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Philippine election poll shows opposition keeping Senate, House uncertain

Philippine election poll shows opposition keeping Senate, House uncertain

The opposition looks set to retain control of the Philippine Senate in elections this month, poll results showed Wednesday, but the president's allies will likely keep the lower house, making another impeachment attempt against her difficult.
The survey by the independent pollster Pulse Asia gave seven opposition, five administration and two independent candidates the best chances of sweeping half of 24 Senate seats contested in the May 14 elections.
But in the House of Representatives, where all 265 seats are up for grabs, the opposition is unlikely to unseat the pro-administration majority, opposition spokesman Adel Tamano acknowledged in comments to reporters earlier this week.
He said only half of 144 opposition candidates for the House had a strong chance of winning.
The possibility of the status quo means that any attempt to impeach President Gloria Macapagal Arroyo in the House, which would require support from at least a third of the chamber, might not succeed.
The future makeup of Congress could determine whether Arroyo, who has faced down two coup plots, will be able to serve the remainder of her term, which ends in 2010.
Two opposition attempts to impeach Arroyo _ on allegations of vote-rigging in the 2004 election, and on corruption allegations _ have failed, because her House allies blocked the complaints on a technicality.
To impeach the president requires support from at least 78 House members of the current Congress. In 2005, the opposition could muster only 51 votes. If approved by the House, an impeachment trial is conducted by the Senate.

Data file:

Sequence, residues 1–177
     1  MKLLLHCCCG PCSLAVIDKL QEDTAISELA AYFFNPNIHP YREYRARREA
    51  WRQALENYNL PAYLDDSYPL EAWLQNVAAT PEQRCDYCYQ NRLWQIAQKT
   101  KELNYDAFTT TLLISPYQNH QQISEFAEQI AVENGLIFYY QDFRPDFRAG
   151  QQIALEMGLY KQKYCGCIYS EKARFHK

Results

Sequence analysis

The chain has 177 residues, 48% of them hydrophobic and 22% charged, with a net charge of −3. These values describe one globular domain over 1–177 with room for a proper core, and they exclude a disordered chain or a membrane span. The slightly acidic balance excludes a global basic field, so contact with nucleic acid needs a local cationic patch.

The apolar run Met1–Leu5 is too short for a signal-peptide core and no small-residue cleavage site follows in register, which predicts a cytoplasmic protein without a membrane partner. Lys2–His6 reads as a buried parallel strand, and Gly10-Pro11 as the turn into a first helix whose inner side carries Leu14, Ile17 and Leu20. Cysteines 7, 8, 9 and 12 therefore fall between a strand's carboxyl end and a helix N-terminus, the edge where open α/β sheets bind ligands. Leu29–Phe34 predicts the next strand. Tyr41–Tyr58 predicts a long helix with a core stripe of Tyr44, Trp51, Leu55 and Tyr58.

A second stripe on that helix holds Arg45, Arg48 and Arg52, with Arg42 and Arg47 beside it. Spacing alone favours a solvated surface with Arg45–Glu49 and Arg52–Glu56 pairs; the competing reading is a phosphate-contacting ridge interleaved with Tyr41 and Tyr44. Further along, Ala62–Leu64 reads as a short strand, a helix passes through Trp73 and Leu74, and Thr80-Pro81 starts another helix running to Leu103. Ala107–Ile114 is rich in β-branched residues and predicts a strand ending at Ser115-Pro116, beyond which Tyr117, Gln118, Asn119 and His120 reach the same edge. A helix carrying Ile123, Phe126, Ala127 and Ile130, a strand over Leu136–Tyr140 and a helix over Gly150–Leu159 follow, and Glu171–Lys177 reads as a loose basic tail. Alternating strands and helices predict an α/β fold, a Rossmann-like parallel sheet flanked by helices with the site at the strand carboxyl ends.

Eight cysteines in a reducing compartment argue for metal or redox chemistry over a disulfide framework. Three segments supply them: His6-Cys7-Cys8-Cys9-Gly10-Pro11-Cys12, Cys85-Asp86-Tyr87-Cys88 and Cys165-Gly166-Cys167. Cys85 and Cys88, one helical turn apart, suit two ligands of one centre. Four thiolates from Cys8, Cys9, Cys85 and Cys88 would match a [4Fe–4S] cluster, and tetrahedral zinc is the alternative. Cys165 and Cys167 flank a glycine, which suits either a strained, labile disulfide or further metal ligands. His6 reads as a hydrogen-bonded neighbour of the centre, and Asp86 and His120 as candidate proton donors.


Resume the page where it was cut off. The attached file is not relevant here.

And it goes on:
Arroyo's predecessor, deposed President Joseph Estrada, was accused of massive corruption and tried by the Senate in 2000.
When pro-Estrada senators refused to hear evidence against him, he was toppled in massive military-backed street protests a year later.
According to a face-to-face survey of 1,800 respondents conducted by Pulse Asia last week, Loren Legarda, a former broadcaster and senator, topped the list of four opposition candidates for the Senate. An independent and an administration senator came in fifth.
The poll had a margin of error of plus or minus 2.3 percentage points.
An opposition campaign strategist, Horacio Morales, was quoted as saying that the opposition weakness in the House race was due to poor representation in some regions, including the southern island of Mindanao, a hotbed of Muslim insurgency.


Updated : 2021-06-15 22:08 GMT+08:00